By Nimesh Bansal
Himachal Pradesh registered a record 74.6 percent turnout in the 68-members assembly elections. The turnout narrowly broke the 2003 record of 74.5 percent voter turnout as Bharatiya Janta Party (BJP) looks to capitalise on Himachal’s anti-incumbency tendencies.
Himachal’s history of hopping
Since 1993, Himachal Pradesh has seen a regime change every five years—alternating between the Congress and the BJP. This can be attributed to the unique political environment in the hill state. A Shimla resident explained, “The hills have their own issues which make the politics in Himachal Pradesh different. People are very aware here and vote keeping their development in mind.” The state has always seen a high voter turnout—over 71 percent in all elections since 1993. As a result, Himachal Pradesh has been one of the most economically prosperous states in northern India. It also scores high on literacy, education and health. Following Sikkim, Himachal became the country’s second open defecation free state last October.
The BJP is not content with the rotational nature of government in Himachal Pradesh. Rallying in the state, BJP chief Amit Shah claimed, “Himachal Pradesh main aisi sarkar banayenge jo sirf panch saal nahi, agle 10 aur 15 saal rahegi (In Himachal Pradesh we will make such a government that stays for not just five years but for the next 10-15 years).” This is why the saffron party announced 73-years-old former Chief Minister (CM), Prem Kumar Dhumal, as its candidate. He is up against Congress stalwart, incumbent and six times CM, 83-years-old Virbhadra Singh. The outcome is said to depend largely on three major districts—Kangra, Mandi and Shimla. These three districts make up 33 of the 68 assembly seats in the state. Congress holds sway in the biggest district of the three—Kangra. However, the BJP has an edge in Mandi and Shimla.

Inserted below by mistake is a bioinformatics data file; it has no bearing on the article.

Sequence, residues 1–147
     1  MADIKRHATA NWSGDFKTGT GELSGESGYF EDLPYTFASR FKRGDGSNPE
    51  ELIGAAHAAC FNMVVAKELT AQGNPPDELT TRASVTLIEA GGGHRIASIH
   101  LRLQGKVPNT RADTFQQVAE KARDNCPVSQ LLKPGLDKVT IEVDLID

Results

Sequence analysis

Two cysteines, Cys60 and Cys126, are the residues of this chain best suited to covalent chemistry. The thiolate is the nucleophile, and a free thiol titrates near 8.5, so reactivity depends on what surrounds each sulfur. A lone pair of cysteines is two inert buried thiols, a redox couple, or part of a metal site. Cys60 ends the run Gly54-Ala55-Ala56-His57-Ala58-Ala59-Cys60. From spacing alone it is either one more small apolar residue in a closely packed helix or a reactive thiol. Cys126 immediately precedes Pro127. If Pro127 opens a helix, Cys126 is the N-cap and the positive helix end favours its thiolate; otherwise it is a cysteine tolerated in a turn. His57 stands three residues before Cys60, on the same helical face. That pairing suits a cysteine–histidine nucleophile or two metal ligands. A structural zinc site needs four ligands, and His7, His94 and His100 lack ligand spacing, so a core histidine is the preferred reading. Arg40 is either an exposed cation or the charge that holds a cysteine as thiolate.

The state’s lukewarm response to both parties
Both the parties have been canvassing for votes on the pillar of development, but are marred by past actions. Congress’s handling of the Gudiya rape and murder case has left an indelible blot on their record. The party has failed to address the issue of crimes against women during their tenure. If voted into power, BJP has promised to tackle that by launching a ‘Gudiya helpline’. It will be a round-the-clock helpline across police stations to ensure safety for women. The Congress’s case is further weakened as the incumbent CM and their candidate, Virbhadra Singh, is under probe by CBI and the Enforcement Directorate in an alleged disproportionate assets case.
The BJP still cannot rest easy as policies of the Centre have had an adverse impact in the state. Demonetisation and GST have been causes of concern in the Himachal. These policies have crippled the small businesses in the state—businesses which are the backbone of Himachal’s economy. A resident said, “GST is a complicated process. It is difficult for small businesses to make the transition without any support from the government. People are still trying to figure out the process. It has added an additional burden on the people.” Nevertheless, in a state that is overwhelmingly Hindu, the BJP will be hoping for a favourable result.
The game of numbers
As the state went to the polls, both sides would have been tracking the numbers. Sirmaur district recorded the highest turnout at 81.5 percent voting, while Hamirpur—PK Dhumal’s home district—had the lowest at 70.19 percent. However, this remains higher than the 68.04 percent turnout in 2012 when BJP lost power to the Congress. Worryingly for the BJP, the assembly in Shimla recorded the lowest turnout at 63.76 percent, while Doon assembly the highest at 88.95 percent. Moreover, Congress’s stronghold of Kangra showed an increase in voter turnout with 78 percent against 70.59 percent in 2012. As a silver lining for the BJP, the voter turnout in Mandi also increased to 78 percent from 76.08 percent five years ago. Despite the mixed numbers, BJP remains confident of returning to power in Himachal Pradesh.
A nervous wait
The counting of votes will begin on 18 December amongst elaborate security arrangements. A three-tier security system has been enforced with at least 23 companies of Central paramilitary forces deployed for round-the-clock security. Further, 100 rooms have been set up at 48 locations with CCTV surveillance.
The period from now to the counting day will also see poll processes completed in Gujarat. As the BJP aims to benefit from the anti-incumbency sentiment in Himachal, Congress hopes to benefit from the same in Gujarat. A month of tense anticipation beckons.